Some 50 million people in the US suffer from allergies, says the American College of Allergy, Asthma, & Immunology (ACAAI). Common allergens include pollen, pets, dust, mold, and grass. In addition to sneezing and itchy, watery eyes, the classic symptom of allergies is a stopped-up nose. How to get rid of a blocked nose? The simplest strategy is avoidance. If you know you have an allergy, stay away from your triggers or protect yourself by wearing a mask and taking showers after being outdoors, especially on dry, windy days.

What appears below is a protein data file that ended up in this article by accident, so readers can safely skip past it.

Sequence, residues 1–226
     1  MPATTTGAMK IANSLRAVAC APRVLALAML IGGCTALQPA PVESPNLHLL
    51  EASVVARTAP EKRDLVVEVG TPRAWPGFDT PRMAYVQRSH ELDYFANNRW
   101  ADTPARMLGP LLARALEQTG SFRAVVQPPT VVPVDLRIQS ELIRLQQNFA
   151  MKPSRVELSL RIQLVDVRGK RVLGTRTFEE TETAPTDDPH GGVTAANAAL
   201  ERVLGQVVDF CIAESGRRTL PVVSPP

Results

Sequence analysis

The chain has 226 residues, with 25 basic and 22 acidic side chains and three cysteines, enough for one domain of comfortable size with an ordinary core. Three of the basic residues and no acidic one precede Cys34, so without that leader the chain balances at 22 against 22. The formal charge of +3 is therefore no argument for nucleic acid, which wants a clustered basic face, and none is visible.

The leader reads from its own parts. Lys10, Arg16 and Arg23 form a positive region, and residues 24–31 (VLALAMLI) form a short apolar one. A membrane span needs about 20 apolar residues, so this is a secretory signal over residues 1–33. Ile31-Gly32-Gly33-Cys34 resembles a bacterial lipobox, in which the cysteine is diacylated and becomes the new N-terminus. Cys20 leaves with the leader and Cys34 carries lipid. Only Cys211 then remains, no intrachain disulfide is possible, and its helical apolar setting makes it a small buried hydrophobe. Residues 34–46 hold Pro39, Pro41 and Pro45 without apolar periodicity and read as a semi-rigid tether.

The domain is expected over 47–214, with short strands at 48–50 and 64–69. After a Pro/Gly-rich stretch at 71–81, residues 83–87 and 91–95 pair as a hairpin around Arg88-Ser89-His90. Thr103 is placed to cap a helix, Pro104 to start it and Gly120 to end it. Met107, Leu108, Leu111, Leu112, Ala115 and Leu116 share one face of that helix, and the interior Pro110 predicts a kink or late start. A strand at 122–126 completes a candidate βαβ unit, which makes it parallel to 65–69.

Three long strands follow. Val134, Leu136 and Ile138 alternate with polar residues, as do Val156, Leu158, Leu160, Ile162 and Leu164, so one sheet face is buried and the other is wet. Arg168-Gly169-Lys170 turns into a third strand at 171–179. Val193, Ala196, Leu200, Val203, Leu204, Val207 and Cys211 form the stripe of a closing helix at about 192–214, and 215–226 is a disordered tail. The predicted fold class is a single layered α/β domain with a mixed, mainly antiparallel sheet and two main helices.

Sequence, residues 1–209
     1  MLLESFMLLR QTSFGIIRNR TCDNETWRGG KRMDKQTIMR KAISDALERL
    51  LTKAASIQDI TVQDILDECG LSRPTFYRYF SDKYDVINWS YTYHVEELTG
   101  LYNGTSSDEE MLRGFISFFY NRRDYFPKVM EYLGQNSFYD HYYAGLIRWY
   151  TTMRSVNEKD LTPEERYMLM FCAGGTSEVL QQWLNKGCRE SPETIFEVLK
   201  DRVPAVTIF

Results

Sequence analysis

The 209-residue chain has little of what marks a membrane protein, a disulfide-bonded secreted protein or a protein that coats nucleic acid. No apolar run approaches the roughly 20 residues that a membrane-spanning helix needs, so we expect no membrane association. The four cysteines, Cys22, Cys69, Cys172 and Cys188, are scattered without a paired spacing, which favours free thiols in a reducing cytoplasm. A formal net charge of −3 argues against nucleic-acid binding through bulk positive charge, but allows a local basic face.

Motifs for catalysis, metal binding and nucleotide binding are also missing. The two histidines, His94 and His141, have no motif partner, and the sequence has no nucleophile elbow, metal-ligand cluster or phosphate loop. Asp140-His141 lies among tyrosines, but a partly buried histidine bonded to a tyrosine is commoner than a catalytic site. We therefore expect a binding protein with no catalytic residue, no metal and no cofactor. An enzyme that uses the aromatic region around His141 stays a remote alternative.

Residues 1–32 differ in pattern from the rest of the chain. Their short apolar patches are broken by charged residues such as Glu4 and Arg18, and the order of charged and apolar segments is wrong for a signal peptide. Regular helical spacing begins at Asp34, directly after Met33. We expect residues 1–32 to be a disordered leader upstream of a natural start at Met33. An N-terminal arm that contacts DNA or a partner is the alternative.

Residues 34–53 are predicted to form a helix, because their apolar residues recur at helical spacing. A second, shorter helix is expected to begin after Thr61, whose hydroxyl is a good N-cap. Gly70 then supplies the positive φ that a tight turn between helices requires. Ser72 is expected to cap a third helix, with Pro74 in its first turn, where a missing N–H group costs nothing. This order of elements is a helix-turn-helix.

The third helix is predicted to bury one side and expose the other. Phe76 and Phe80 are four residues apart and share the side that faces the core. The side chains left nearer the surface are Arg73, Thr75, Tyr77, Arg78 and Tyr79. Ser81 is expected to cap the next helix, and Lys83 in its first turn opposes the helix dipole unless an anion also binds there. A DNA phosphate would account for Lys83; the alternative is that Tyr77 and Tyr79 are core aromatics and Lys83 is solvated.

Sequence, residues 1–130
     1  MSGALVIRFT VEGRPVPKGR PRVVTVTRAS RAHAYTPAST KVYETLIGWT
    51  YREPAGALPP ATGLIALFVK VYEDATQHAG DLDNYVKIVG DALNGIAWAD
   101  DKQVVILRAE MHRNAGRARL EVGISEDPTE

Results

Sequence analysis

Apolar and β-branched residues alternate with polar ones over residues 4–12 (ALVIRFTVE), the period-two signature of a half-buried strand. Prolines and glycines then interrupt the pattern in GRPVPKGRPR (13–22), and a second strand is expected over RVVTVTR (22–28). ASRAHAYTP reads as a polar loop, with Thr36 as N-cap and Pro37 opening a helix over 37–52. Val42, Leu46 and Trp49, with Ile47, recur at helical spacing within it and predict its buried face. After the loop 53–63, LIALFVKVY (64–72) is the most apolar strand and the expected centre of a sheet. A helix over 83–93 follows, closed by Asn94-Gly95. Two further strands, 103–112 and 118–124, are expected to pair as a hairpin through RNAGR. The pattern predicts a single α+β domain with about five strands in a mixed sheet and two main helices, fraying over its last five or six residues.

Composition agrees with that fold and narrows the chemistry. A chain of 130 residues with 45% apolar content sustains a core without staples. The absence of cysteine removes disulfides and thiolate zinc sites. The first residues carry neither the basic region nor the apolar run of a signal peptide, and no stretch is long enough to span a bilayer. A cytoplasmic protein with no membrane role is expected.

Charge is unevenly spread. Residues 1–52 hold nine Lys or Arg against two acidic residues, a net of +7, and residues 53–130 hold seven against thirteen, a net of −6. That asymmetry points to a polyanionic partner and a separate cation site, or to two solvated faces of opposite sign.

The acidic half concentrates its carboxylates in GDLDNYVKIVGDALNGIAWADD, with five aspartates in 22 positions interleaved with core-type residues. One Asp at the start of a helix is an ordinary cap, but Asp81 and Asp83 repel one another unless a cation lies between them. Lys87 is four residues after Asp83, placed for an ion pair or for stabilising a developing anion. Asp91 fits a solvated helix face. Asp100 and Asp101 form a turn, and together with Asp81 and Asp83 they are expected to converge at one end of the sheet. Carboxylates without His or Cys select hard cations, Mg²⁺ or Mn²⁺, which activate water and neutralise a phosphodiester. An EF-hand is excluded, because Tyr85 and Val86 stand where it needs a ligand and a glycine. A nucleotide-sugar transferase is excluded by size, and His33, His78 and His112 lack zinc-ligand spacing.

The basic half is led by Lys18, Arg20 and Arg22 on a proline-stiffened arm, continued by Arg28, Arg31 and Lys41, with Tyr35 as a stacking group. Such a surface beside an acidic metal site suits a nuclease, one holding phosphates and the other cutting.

Over-the-counter antihistamines, which work by blocking an immune system chemical called histamine that’s involved in allergic reactions, can help unstuff your nose, per the US National Library of Medicine (NLM). So can saline nasal rinses, says NLM. Make sure you use purified (aka distilled), filtered, or boiled water, or consider picking up an OTC saline spray or wash.
If nothing clears your stuffed-up, allergic nose, consider allergy shots. “It comes as close [as we have] to a cure for allergies,” Christopher Chang, MD, an ear, nose, and throat (ENT) specialist in Warrenton, Virginia, tells Health.